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The Panama Papers, Explained: Making Sense of the Biggest Data Leak in History

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Talk about a mic drop ...

This week, the world was introduced to the mother of all data dumps. The Panama Papers is a global investigation of 11.5 million confidential documents that provide detailed information about thousands of offshore "shell" companies used by some of the world's most powerful people -- including multiple heads of state --  to conceal wealth or avoid paying taxes.

The files were taken from Mossack Fonseca, a large Panama-based law firm, and anonymously leaked last year to the German newspaper Süddeutsche Zeitung. They were subsequently shared them with the International Consortium of Investigative Journalists and other media outlets, but not publicly unveiled  until the story broke on Sunday.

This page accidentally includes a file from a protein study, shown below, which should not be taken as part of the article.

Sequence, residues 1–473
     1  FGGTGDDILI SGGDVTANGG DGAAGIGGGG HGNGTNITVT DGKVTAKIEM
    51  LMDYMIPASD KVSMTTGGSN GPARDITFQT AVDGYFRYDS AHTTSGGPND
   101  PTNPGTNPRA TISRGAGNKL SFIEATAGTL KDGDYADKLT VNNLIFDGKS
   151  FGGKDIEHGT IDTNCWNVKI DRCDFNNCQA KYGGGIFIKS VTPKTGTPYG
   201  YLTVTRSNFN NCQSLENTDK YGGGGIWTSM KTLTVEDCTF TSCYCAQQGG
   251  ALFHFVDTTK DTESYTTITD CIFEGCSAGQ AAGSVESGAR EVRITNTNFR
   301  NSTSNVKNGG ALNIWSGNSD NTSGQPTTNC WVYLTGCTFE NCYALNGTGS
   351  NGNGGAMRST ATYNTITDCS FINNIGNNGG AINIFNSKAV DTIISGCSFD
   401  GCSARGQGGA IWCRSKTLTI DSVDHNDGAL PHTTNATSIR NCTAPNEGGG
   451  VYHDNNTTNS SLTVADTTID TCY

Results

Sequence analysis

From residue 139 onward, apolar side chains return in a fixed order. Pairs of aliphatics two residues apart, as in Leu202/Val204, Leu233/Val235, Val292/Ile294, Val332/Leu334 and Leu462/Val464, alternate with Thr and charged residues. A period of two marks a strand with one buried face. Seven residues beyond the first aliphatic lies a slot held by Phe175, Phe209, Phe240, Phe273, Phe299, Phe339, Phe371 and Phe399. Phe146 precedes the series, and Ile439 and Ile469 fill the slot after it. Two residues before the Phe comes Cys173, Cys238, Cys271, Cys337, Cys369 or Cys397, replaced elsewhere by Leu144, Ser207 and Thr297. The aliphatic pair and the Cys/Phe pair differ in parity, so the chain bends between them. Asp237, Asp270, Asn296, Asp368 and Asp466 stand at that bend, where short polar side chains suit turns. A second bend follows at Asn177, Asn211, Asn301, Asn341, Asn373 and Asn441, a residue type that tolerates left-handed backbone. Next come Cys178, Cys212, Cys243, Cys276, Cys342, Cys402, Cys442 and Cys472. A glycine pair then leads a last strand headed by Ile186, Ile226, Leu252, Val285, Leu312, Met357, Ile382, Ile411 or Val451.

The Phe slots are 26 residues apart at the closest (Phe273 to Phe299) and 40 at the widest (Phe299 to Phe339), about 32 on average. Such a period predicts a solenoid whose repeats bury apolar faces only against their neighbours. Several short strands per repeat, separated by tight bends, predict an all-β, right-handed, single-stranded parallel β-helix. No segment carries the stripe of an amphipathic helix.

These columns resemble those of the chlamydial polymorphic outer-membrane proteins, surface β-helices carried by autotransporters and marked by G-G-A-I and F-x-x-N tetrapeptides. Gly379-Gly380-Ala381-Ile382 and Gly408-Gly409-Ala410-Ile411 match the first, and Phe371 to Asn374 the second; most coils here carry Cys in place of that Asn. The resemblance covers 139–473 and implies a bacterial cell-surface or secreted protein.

The revelations have already had major political fallout, shining light on potential high level corruption and sparking a series of international criminal investigations.  On Tuesday, Iceland’s prime minister become the first major casualty of the massive leak, abruptly stepping down from office after reports surfaced that his family had sheltered large sums of money in an offshore account.

Explore these creative interactives, produced by ICIJ, to get a better understanding of the scope and implications of the Panama Papers, the key players involved and why the leak is making a lot of power people nervous.




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